There was a time when I was clear about the meaning of leadership, in all its forms. In high school we learned about dictators, kings and queens, fascists, communists, socialists and capitalists. The word became trendy and we started hearing about servant leaders and transformational leaders which sounded great in theory. But, I dare say that even Hitler was a transformational leader – nothing was ever the same after his arrival on the scene. Transformation isn’t always positive and for the good of all.
Over my career, I have been given the opportunity to experience many types of leaders. Those that hold tightly onto undistributed information, moving quietly behind the scene with their own agenda. Those that are narcissists, the glory is never for the team. Those that are completely inept but, so afraid of looking stupid that they don’t ask questions. Those interested in quantity over quality. Those that fly around like hummingbirds on an adrenaline high, distributing Bandaids without actually fixing anything.
I have also experienced leaders that I would follow without question, ones that I admire deeply for their insight, compassion and 360° view of the world and their circle of impact. Their goals and decisions include the wisdom of all their stakeholders, not just shareholders. The wealth they build is far greater than the short-term profits reflected in quarterly reports.
I view leaders as Solutionaries and Solutionaries as leaders. My definition of the word expresses the kind of leaders I want to follow and stand beside. But, it all feels a bit murky to me now as I stand on the sidelines watching a version of a WWE event.
Mudslinging, mixed messages, incomplete data, finger pointing, hair pulling and theatrics. It’s one big free for all when the New York Times, CNN or the Skimm arrive in my newsfeed each morning. As if that’s not enough, every Tom, Dick and Mary has decided that they will jump into the fray and lead us out of this mess by offering an avalanche of free opinions via Zoom calls and webinars. Most of these offerings were old news within 48 hours but it doesn’t stop the flow.
Afterall, these selfless efforts will surely show they care and, you won’t forget them when business gets back to usual. I caution you that in many instances, the value you receive is exactly what you paid for.
It hasn’t been that many years ago that “cause marketing” was the new kid on the block. The idea was to attract customers by telling them that the business cared about global social issues.
Messaging was carefully worded to tug on the heart strings of the buyer motivating their purchases and their deep desire to help resolve a social problem. In some instances, compelling tags were attached to clothing items suggesting a portion would be donated to save the rain forest. Hotels would, and continue to, leave placards in the bathrooms suggesting that guests hang dirty towels up and use them again to reduce needless water usage, thereby helping the planet.
We felt proud knowing we were pitching in though we were not sure how. We were not privy to the operations and financials of the entities we were supporting and rarely provided any information about the direct impact of our efforts. As this trend of green washing saturated the market, savvy customers started to have the same questions that I had and continue to have.
They expressed their skepticism at a point in time when a lack of honesty and integrity was further being revealed in the C-suites of large, well-known companies. Whether it was Bernie Madoff pulling the sheep’s wool over the eyes of investors or the former Tyco CEO, Dennis Kozlowski using shareholder funds for Roman orgy parties and inflating stock values for his personal wealth, we are smarter now … transparency has become the word of the day.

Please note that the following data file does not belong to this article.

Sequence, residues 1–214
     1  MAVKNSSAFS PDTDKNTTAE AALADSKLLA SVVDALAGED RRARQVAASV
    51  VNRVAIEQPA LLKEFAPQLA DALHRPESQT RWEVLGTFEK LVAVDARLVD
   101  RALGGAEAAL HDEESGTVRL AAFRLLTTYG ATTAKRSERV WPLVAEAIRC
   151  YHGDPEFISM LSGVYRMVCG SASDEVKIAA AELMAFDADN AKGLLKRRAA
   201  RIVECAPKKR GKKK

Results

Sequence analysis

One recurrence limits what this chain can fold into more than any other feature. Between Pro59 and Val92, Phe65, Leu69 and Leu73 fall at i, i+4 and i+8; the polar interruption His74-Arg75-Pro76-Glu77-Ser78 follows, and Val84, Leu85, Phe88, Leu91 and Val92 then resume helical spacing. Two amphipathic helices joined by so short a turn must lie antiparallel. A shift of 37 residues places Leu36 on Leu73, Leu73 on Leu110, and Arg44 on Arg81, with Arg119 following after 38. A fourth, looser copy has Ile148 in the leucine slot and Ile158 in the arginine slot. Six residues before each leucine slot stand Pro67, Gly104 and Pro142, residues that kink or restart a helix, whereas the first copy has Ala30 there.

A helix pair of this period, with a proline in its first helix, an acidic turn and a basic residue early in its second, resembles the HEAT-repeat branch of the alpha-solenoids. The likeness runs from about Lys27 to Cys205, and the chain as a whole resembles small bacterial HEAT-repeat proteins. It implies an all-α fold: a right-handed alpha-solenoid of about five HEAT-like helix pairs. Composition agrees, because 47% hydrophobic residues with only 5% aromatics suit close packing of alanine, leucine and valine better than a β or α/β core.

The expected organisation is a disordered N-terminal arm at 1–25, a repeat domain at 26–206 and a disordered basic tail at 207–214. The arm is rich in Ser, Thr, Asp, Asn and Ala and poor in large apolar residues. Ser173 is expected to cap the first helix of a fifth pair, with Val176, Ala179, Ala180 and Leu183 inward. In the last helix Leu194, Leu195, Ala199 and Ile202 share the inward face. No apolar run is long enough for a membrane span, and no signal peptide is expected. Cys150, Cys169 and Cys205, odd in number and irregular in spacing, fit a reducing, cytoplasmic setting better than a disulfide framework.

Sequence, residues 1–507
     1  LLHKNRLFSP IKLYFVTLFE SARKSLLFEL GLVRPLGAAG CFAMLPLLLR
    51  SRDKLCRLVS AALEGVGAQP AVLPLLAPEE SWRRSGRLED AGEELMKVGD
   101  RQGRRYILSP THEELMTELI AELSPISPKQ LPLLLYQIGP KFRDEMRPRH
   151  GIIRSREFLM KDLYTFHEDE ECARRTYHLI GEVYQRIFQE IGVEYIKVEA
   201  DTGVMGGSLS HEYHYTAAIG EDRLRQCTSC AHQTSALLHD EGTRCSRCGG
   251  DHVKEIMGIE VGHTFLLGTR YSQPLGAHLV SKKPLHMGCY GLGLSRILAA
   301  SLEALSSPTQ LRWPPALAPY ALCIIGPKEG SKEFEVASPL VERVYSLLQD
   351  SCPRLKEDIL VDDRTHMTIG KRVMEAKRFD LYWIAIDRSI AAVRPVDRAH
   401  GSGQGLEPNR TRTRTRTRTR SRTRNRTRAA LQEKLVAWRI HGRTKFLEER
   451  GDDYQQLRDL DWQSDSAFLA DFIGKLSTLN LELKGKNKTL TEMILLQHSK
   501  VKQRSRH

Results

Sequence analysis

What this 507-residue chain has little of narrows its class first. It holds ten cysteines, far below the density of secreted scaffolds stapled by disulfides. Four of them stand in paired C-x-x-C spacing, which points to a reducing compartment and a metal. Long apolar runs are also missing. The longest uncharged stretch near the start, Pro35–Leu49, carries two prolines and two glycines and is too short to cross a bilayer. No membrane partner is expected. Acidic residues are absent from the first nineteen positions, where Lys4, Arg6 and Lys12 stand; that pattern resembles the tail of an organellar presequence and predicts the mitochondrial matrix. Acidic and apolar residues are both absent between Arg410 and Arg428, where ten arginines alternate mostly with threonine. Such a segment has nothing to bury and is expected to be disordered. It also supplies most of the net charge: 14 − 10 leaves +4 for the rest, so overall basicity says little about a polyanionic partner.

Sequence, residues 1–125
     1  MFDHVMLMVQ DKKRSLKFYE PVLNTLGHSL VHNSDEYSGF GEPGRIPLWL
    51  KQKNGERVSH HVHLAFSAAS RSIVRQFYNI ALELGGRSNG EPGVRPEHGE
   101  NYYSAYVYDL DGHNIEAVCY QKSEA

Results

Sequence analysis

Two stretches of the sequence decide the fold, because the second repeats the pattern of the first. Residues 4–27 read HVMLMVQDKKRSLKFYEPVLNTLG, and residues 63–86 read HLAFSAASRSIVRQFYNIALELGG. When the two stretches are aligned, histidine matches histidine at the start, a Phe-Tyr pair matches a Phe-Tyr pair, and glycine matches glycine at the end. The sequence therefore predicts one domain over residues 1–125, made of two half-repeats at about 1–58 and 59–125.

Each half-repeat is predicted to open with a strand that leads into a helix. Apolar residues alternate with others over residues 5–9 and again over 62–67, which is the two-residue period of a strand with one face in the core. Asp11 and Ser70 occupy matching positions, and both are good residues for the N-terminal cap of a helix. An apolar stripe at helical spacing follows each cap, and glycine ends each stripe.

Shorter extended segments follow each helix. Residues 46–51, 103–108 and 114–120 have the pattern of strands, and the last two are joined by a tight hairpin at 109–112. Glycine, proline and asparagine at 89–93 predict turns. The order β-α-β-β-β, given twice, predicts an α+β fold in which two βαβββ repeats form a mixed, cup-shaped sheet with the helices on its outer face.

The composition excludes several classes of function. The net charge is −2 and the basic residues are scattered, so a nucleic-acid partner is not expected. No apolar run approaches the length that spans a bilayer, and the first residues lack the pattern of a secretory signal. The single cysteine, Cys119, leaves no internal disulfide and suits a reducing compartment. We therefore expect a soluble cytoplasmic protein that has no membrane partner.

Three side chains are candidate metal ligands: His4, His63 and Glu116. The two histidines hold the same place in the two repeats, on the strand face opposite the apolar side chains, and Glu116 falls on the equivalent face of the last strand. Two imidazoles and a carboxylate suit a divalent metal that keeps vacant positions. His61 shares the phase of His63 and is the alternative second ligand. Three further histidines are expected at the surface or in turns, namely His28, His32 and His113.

Over the last couple of years, we have seen MeToo movements and a push for gender parity and women on boards. 2019 was a pivotal year. Many companies put a stake in the ground acknowledging that the welfare of employees, vendors, customers, investors and our community at large was of equal importance for any company interested in a sustainable business model – one that is in it for the long haul. Now, thanks to a global pandemic, they are being put to the test.
The applecart has been turned over and it has becoming critically clear that corporate America has a duty to step in and help in the resolution of some of humanity’s greatest challenges. The government and non-profit sectors cannot do anything without the innovation the private sector brings to the table. Even so, the apples are quickly rolling in all different directions.
Hundreds of people have jumped into the fray trying to convince us that they are holding up the wall, fingers in the dyke, for the rest of us. It smacks of the Hummingbird approach. I don’t know about you, but I don’t need one more webinar on how to use Zoom or motivate people remotely. Not one more post on how to sew masks or how to wash my hands. I have thousands of resources available. I’m having déjà vu of the conversations of yesteryear, those playing to my emotions as I navigate unchartered waters with them.
There are a lot of people telling us what to do to help our businesses with very little transparency into their own. It’s time that we tell them in no uncertain terms - Please show us by example. Inspire me as a leader walking the talk in your own business rather than just telling me how to run mine. And, I don’t just mean manufacturing companies and the hospitality business, I include every lawyer, accountant, consultant and service provider.
I’m rooting for the leaders that are drawing on the collective wisdom of all of us in an unprecedented time - the ones that are marching forward with quiet determination, more focused on the outcome than the accolades. I’m rooting for the Solutionaries.
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All rights reserved – Linda Lattimore